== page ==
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GCSE results day: What to do if you didn’t get the grades you were expecting

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Pupils across the country will have found out their GCSE results today. 

Exams and grading return to normal this year, meaning grades have only been determined by the number of marks achieved in your assessments.  

For students moving on to A levels and T Levels, most courses require at least 5 GCSEs at grades 9 to 4, including English and maths.  

We know that results day can be stressful, but don’t worry – even if you don’t get the grades you were expecting, you have plenty of great options out there. Here we talk you through your choices.  

GCSE results

What are my options if I want to follow my original plan?

Speak to your school or college  

Speak to your first choice sixth form or college – they might be flexible about their entry requirements, especially if you only narrowly missed your grades. 

Even if you don’t get the grades you need, your college might let you retake a GCSE while you study for your A or T levels. 


If you’re unhappy with your results you can enter for all GCSE subjects in summer 2024. You can also take autumn exams in GCSE English language and maths. Speak to your sixth form or college to decide when it’s the best time for you to resit an GCSE exam. 

You'll need to continue studying English and maths if you're under 18 and did not get at least a grade 4.  

I’m open to other options

Look for other courses with different requirements  

Entry requirements vary depending on the college and course. Ask your school for advice, and call up your college or another one in your area to see if there’s a space on a course you’re interested in.  

Some T Levels and vocational technical qualifications (VTQs) have different entry requirements to A Levels. These are high-quality, career focussed options that will help you get the skills you need to progress in the area you’re interested in.

Consider an apprenticeship 

If you’re 16 or older, you can do an apprenticeship and there are now more than 670 high quality apprenticeships in a wide range of roles. Apprentices earn while learning, gaining valuable on-the-job experience that can jumpstart your career, while you receive training at university or college.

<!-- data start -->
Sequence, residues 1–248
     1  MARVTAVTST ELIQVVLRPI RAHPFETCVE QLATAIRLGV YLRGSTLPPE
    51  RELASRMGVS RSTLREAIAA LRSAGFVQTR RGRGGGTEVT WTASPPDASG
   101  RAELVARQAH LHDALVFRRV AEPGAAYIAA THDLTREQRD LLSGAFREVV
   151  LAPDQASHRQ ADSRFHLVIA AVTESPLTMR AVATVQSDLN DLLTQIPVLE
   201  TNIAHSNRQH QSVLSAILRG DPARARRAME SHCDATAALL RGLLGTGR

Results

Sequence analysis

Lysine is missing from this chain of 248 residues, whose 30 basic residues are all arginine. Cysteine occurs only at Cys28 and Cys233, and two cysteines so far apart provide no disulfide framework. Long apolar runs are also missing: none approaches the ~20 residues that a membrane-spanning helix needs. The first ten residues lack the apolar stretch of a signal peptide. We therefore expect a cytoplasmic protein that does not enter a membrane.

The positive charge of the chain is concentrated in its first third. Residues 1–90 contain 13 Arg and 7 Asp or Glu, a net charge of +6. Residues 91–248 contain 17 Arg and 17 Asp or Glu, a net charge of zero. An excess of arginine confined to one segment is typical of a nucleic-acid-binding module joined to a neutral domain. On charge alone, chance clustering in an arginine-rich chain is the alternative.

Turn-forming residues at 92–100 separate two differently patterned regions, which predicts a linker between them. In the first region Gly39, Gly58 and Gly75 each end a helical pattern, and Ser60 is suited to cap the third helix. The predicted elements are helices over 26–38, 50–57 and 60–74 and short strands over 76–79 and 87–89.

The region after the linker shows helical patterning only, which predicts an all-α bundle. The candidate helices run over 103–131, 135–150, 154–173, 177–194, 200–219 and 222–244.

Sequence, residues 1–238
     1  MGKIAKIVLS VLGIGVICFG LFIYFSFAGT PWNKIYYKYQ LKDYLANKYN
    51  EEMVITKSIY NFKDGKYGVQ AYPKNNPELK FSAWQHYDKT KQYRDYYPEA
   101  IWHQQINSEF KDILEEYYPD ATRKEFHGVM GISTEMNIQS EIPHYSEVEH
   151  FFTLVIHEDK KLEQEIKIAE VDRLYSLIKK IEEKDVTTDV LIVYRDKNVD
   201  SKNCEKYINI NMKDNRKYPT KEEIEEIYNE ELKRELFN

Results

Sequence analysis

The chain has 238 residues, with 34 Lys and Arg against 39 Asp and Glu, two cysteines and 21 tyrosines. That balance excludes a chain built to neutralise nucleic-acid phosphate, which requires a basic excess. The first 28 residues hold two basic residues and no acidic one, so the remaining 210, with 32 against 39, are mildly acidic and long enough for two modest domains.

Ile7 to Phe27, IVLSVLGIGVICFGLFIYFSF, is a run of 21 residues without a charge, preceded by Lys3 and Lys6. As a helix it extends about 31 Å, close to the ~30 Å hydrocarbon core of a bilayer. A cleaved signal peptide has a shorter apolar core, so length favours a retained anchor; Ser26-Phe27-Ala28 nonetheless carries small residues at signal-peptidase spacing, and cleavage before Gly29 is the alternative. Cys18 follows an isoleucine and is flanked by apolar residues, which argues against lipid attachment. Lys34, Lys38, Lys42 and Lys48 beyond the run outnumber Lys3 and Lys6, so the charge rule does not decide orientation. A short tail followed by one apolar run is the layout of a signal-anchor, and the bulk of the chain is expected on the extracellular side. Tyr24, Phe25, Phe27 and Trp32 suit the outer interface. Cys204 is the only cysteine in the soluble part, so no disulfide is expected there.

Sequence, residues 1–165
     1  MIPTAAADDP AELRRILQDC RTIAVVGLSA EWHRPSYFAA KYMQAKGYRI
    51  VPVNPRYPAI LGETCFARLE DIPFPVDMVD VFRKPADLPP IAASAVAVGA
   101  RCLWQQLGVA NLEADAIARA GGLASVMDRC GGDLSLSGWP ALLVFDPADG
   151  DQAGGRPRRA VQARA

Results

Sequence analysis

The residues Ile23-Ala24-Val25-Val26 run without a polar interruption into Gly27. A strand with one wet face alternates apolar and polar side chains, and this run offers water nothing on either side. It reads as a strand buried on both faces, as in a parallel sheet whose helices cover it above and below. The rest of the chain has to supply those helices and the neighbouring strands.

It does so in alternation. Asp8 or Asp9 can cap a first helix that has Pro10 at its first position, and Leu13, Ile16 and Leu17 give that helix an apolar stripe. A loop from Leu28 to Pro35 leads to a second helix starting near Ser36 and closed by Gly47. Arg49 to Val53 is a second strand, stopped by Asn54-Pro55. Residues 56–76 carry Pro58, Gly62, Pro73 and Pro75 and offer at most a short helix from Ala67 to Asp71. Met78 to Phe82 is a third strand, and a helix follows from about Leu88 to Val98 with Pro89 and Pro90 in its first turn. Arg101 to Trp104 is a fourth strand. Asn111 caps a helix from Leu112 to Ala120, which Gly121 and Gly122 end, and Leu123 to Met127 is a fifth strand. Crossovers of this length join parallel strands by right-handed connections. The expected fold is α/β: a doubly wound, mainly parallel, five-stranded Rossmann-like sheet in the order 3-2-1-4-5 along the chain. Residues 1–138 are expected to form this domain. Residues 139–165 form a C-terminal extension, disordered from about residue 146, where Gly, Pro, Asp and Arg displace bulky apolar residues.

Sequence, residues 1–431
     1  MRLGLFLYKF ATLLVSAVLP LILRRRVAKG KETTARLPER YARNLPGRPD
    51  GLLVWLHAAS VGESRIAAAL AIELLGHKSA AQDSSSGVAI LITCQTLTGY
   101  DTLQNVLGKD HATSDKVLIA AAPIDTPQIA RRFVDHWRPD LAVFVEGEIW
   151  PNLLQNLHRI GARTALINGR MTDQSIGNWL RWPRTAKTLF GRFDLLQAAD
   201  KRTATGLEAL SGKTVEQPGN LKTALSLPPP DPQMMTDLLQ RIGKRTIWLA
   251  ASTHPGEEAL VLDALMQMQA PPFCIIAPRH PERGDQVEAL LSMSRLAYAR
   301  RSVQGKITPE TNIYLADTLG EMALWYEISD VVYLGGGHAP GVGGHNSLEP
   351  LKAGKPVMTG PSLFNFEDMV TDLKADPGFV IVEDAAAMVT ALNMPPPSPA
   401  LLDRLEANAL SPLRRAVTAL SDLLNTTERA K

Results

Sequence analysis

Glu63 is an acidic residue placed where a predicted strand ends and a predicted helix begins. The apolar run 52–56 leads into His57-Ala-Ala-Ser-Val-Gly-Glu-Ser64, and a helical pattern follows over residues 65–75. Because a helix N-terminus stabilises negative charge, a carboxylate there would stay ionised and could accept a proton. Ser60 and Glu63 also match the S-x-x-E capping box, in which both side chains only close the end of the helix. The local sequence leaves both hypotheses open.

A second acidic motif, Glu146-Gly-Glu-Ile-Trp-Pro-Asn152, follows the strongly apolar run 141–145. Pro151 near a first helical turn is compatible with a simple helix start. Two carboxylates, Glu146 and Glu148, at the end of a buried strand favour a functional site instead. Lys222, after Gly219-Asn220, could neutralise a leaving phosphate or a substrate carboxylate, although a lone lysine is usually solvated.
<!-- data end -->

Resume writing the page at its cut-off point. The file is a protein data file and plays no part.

We’ve selected some existing apprenticeships that we think are perfect first jobs. These are called career starter apprenticeships. Career starter apprenticeships are available in a range of exciting industries, such as engineering, teaching, healthcare and digital. 

If you can’t find a career starter apprenticeship that you like, you can search all apprenticeships as most apprenticeships are excellent first steps to take after you leave school. 

Entry requirements vary depending on the employer, training provider and level of the apprenticeship, and many require English and maths GCSEs.  

If you don’t have qualifications in English and maths, some apprenticeships include extra training in the English or maths skills needed so you’re at the right level. 

What if I’m not sure what I want to do?

Talk to a National Careers Service (NCS) adviser 

Whatever your results, you have lots of options – there is more than one route into higher or further education and the workplace, and it’s not always grades which are the most important thing 

First of all, you should talk to your school or college to discuss your options. Friends and family can also be a source of support to bounce ideas off, but it can be useful to talk your plans through with an impartial expert. 

You can speak to a professional adviser for free and get judgment-free, confidential information and advice via the National Careers Service Exam Results helpline, via phone on 0800 100 900  or by webchat. 

Whatever your results, if you want to find out more about all your education and training options, as well as get practical advice about your exam results, visit the National Careers Service page and Get the Jump to explore your study and work choices. 

What if I think there’s something wrong with my results?

Speak to your school or college for advice 

There is a rigorous system in place which makes sure that exams are marked fairly and accurately. 

If you think there has been a mistake in how your exam was marked, you should speak to your school or college who can request a review from the exam board.  

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